One of the country’s toughest prosecutors highlighted the value insiders can provide in successfully prosecuting corruption and other illegal activity.
US Attorney for the Southern District of New York Preet Bharara, sometimes referred to as the “Sheriff of Wall Street,” was asked during an interview with George Stephanopoulos on ABC’s “This Week” about how corruption in the New York legislature was able to go on for so long before his office brought down the two most powerful politicians in the state.
Bharara’s response cut to the core of what can make rooting out corruption at the highest levels so difficult.
“It’s hard to bring criminal cases unless you have the evidence, unless you can have insiders telling you about what was going on,” Bharara said.
More and more, government enforcement agencies are relying on insiders to become whistleblowers and provide facts and evidence about financial fraud. The Dodd-Frank Act’s whistleblower provisions are an effective enforcement tool because they provide insiders on Wall Street financial incentives to bring facts and evidence about wrongdoing to the attention of the government.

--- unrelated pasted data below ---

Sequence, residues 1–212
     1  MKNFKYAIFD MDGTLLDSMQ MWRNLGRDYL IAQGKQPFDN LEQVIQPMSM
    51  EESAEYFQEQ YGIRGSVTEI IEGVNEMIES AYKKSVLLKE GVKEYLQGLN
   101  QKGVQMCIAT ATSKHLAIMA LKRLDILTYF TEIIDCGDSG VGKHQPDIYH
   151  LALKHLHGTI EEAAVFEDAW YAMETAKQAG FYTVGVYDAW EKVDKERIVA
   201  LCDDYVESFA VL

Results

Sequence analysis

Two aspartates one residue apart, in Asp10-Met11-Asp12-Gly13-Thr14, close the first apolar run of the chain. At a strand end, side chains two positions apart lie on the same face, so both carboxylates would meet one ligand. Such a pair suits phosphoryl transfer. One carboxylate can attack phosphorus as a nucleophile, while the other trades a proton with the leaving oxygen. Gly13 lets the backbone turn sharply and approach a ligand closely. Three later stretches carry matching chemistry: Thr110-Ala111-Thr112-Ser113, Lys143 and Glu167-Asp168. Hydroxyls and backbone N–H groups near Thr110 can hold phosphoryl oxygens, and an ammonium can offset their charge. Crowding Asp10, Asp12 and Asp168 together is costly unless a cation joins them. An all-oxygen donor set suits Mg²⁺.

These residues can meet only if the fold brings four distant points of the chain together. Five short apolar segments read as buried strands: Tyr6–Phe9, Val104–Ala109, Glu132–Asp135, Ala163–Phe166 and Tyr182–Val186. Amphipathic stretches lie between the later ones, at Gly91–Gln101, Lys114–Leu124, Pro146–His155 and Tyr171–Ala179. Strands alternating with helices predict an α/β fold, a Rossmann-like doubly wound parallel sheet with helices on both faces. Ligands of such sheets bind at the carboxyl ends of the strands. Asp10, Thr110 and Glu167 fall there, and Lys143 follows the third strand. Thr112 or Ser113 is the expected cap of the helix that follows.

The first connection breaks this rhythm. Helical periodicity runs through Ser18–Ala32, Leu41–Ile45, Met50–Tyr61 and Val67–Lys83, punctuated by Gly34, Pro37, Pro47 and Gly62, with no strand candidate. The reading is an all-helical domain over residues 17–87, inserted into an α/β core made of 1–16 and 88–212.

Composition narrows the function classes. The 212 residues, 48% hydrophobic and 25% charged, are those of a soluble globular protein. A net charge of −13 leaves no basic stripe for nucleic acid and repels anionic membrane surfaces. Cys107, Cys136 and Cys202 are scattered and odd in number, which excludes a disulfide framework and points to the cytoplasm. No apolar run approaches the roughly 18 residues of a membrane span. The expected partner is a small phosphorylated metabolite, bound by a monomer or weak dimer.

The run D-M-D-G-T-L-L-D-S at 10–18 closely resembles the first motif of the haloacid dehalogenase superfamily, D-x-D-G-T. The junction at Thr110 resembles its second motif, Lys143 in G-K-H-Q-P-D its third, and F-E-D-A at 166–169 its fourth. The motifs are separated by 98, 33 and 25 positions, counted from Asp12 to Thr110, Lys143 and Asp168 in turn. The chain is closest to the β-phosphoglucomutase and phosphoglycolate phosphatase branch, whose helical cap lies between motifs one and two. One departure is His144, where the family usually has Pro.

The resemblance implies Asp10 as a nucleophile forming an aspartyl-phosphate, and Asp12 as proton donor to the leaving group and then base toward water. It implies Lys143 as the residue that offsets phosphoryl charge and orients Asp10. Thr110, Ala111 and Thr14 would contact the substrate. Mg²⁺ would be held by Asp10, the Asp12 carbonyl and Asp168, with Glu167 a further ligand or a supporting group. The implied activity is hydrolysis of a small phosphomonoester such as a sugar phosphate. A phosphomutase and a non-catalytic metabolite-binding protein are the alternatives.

This month the SEC reported yet another large reward to an insider who provided a detailed tip about misconduct by his former employer and advanced the SEC’s investigation and ultimate enforcement. That whistleblower received a $17 million reward.
As Andrew Ceresney, director of the SEC’s Division of Enforcement, observed when the reward was announced, “Company insiders are uniquely positioned to protect investors and blow the whistle on a company’s wrongdoing by providing key information to the SEC so we can investigate the full extent of the violations.”
Whistleblowers who provide information to the SEC or CFTC that leads to an enforcement action recovering more than $1 million can receive a reward of up to 30% of the total recovery.